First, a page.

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#675 - The WTO Turns Back the Clock, 03-Nov-1999

The World Trade Organization (WTO) has effectively canceled the
three mainstays of modern environmental protection: (1) pollution
prevention using bans, (2) the precautionary principle, and (3)
the right-to-know through labeling. In effect the WTO has erased
30 years of work by environmental activists and thinkers, forcing
us back to an earlier era of "end of pipe" pollution regulations
based on risk assessment.

Starting in the mid-1960s, the U.S. Congress created a pollution
control system based on risk assessments and "end of pipe"
regulations. As evidence of harm accumulated (a process sometimes
called "lining up the dead bodies"), the government conducted
risk assessments to decide how much toxic pollution was
acceptable. Corporations then added filters and scrubbers to
reduce their harmful discharges to "acceptable" levels.

Large corporations learned to live with this system; they even
turned it into a competitive advantage. As the number of
regulations multiplied, large polluters hired staffs of lawyers
and engineers who did nothing but worry about the regulations.
Small corporations could not afford to hire specialists to
formally participate in rule-making procedures, compliance
disputes and lawsuits. For small firms, compliance became a
paperwork nightmare and a burdensome expense. Big firms learned
to thrive under the rules.

Under the end-of-pipe, risk-based regulatory system, regulations
were always a compromise between what the scientific data
indicated and what the corporate polluters were willing to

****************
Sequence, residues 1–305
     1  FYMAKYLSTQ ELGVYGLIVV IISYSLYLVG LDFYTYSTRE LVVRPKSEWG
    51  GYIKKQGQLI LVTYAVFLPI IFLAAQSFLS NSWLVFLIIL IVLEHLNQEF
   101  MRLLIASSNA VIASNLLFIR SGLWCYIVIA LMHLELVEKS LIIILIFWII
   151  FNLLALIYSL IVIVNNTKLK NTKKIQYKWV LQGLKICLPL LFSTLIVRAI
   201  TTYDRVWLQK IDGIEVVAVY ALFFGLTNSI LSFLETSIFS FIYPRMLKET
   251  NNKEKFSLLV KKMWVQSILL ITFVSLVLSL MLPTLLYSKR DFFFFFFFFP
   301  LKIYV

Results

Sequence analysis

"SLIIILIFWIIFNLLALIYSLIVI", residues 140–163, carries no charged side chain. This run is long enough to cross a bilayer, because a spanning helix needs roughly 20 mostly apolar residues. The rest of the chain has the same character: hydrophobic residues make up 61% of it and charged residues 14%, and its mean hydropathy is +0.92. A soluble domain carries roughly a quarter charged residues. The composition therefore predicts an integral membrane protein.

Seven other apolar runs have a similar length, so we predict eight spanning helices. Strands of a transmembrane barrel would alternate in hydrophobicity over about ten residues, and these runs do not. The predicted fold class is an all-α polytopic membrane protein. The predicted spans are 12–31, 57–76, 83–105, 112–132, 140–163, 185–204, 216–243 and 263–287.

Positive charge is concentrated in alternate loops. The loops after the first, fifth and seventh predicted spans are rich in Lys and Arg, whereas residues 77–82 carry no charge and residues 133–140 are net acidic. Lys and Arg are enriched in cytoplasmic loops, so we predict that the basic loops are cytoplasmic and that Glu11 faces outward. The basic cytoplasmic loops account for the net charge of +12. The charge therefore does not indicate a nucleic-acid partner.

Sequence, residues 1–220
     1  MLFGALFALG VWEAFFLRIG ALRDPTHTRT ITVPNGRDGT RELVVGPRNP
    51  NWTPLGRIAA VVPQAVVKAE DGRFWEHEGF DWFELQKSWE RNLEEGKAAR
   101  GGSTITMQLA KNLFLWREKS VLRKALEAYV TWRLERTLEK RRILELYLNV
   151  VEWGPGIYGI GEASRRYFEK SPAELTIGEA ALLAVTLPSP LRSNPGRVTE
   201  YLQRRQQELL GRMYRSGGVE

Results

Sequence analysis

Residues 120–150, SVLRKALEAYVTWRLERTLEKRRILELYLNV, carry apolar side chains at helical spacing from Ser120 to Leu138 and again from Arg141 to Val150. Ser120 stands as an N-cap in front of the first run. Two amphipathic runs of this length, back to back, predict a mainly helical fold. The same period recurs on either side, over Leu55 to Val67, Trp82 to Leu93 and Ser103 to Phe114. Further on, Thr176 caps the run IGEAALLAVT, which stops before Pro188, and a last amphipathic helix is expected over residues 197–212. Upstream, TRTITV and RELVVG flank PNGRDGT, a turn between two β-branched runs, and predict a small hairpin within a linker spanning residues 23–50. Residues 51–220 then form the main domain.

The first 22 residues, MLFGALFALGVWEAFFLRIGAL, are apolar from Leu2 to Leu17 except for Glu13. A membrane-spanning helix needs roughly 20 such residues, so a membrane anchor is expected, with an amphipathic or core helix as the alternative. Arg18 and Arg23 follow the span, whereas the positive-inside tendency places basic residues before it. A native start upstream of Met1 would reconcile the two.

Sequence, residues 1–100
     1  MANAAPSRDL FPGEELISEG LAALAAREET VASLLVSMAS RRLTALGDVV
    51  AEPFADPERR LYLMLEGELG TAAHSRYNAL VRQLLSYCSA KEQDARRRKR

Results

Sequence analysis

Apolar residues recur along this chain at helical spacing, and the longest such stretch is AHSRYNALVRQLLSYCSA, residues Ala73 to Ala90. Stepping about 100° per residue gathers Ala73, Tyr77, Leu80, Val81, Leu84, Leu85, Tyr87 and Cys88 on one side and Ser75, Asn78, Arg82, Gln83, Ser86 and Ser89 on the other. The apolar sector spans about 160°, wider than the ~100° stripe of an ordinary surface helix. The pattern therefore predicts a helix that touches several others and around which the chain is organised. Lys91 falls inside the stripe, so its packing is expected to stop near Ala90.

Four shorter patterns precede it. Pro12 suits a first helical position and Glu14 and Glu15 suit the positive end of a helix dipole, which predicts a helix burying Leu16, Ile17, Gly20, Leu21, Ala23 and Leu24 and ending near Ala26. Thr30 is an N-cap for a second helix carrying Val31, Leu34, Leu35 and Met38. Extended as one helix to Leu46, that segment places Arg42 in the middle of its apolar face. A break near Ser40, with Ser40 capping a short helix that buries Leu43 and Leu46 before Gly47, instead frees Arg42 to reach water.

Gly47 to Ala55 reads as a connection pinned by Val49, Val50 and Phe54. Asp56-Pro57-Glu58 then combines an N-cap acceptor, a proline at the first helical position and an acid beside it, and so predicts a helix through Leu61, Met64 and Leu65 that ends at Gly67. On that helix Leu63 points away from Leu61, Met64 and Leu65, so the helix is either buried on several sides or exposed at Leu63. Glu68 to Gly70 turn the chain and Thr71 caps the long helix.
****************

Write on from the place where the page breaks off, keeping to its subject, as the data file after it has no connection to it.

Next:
accept. Regulatory officials would propose a numerical standard
based on risk assessments, the corporate experts would challenge
the proposal, and ultimately a regulation would emerge that was a
compromise between the two positions. On the face of it, such a
system could never fully protect public health or the
environment.

Large corporations had one additional advantage in these
regulatory negotiations: they were sitting across the table from
a government bureaucrat who was underpaid and often overworked.
After the regulatory negotiations were finished, the corporation
might offer the government official a well-paid position as
"Vice-President for Environmental Compliance." Knowing that the
future might bring such a job offer, regulatory officials were
inclined to play ball with the polluters. In fact, government
officials went to work for the polluters so frequently that the
practice earned a special name: the revolving door.

In sum, large corporations learned how to make the regulatory
system work for them. But the system never worked well to protect
the environment. In fact, during three decades of environmental
protection based on risk assessments and end-of-pipe regulations,
the entire planet became contaminated with low levels of
industrial poisons. Persistent organic pollutants like DDT, PCBs,
and synthetic compounds of lead and mercury found their way to
the deepest parts of the oceans, to the highest mountaintops and
to the most inaccessible reaches of the poles. No place on Earth
remained pristine. As these exotic poisons entered food chains,
they collected in the bodies of the largest predators, chief
among them humans. As a result, even today if human breast milk
were bottled and offered for sale it would be subject to ban by
the U.S. Food and Drug Administration as unfit for human
consumption. (Breast milk is still by far the best nourishment
for an infant; despite the presence of low levels of industrial
poisons, breast milk is still far healthier for a baby than any
alternative.) (See REHW #193.)

During this period, the incidence of childhood cancers increased
at the rate of about 1% per year. Immune system disorders in
children, such as asthma, increased even more rapidly. Many
observers of the regulatory dance began to believe that bathing
our children in industrial poisons was not such a good idea, so
new principles of environmental protection were invented:

1) In the early 1960s, true pollution prevention was born. The